Despite all this however, patients medical information, though confidential, might still find itself divulged, especially in cases where patient’s medical bills are paid by third parties such as insurance firms. In such an eventuality, then it becomes hard to maintain privacy. If such happens, then individuals must provide written consent for any and all release of medical or health related information to guard against use of such information by criminals or people with criminal intent.

Many patients, who might be involved in criminal activities might wish to seek medical attention and their believe on medical privacy and confidentiality, might not fear arrest. These might range from patients requiring substance abuse related cases, patients with gunshot wounds or women wishing to undertake illegal abortion. Such information could form a basis for criminal prosecution at the federal level (Cole &Oxtoby, 2002).  Medical and legal experts believe that if government seek information from medical sources on patients with crimes, if could erode people confidence on medical practitioners and such patients, and others, might in future fail to seek medical attention.
But this doesn’t mean such information might not be released. There has been an established party to whom medical information may be disclosed to. These are mainly other treatment providers (e.g. psychologists), health care services payers (insurances firms), medical researchers, health care agencies, families, law enforcement officials (under certain circumstances) and public health officials.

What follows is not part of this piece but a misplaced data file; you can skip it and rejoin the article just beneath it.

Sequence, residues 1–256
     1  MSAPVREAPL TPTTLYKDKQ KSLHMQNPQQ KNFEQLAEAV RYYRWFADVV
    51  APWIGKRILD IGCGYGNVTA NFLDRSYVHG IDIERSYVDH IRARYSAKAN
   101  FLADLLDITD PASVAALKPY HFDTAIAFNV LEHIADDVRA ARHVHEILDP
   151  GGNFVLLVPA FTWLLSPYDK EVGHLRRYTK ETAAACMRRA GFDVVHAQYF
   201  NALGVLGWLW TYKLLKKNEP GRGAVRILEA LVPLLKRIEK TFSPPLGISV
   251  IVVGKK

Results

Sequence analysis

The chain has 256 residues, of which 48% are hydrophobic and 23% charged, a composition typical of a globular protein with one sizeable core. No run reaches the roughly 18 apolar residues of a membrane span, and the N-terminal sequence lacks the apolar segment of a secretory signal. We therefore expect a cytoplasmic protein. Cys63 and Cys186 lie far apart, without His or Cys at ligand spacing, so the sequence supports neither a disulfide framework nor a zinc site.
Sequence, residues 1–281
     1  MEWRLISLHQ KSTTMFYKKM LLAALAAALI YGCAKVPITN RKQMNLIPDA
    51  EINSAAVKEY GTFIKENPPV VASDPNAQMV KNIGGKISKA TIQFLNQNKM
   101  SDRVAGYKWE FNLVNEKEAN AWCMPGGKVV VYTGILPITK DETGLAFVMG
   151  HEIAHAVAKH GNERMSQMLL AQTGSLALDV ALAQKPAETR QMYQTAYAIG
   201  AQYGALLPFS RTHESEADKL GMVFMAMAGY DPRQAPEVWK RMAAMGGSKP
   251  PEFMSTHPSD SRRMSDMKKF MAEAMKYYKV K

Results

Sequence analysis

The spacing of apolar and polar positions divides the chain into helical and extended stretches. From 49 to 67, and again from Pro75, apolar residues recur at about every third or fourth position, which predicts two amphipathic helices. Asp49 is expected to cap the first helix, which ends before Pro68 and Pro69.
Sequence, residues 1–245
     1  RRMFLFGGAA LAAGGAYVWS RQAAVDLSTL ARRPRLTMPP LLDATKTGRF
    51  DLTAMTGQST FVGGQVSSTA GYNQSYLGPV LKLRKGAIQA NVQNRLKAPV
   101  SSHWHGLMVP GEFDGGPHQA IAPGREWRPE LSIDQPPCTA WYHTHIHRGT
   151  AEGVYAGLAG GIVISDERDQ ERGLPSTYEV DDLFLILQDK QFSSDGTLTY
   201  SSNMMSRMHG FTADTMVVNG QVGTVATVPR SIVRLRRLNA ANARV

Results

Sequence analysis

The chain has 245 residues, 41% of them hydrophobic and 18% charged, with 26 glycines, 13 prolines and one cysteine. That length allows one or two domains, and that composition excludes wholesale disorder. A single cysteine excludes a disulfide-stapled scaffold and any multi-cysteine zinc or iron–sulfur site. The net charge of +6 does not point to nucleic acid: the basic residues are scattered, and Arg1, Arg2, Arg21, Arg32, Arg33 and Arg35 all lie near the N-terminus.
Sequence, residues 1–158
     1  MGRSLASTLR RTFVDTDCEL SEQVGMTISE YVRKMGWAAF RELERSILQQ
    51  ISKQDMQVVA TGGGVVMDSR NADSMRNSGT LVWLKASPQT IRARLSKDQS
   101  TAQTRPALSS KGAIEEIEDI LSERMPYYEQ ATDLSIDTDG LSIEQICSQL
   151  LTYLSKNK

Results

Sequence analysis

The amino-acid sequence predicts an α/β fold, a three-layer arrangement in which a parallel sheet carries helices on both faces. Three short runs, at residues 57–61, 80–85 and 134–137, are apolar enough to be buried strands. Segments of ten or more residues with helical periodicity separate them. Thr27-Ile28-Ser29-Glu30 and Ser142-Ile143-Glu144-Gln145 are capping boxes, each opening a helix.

There are applicable ethical theories and principles in ensuring medical privacy and confidentiality. The ethics code state that confidentiality of patient information is implicit and does not need to articulated before the patient receives care. This is despite the patient being a criminal having a criminal record or committing a criminal offence (e.g. abortion). By preserving confidentiality, provides respect patient autonomy, a bide by their obligation to reciprocate patient’s trust and preserve public confidence in the provider patient relationship.

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These ethical theories and principles of medical practitioners could be termed as normative (what ought to be done), practical) what most people do) and non-normative (what actually going on) (Merrill et al, 2007).  A health care gives/provides who branches the Hippocratic Oath on privacy and confidentiality may have his/her practicing license withdrawn, and might even face court proceedings and subsequent imprisonment.
Robert Ketch (1997) turns the normative principles of medical ethics as moral justification which guide judgments on medical breach cases. There emerges conflict among these moral principles i.e. is it morally right or wrong. This normative principles looks at agents, acts, ends and consequences; It does this by formulating three theories among them teleological theories (ends of action), consequencialist theories (emphasizes consequences or effects of action) and deontological theories (rightness or wrongness of action)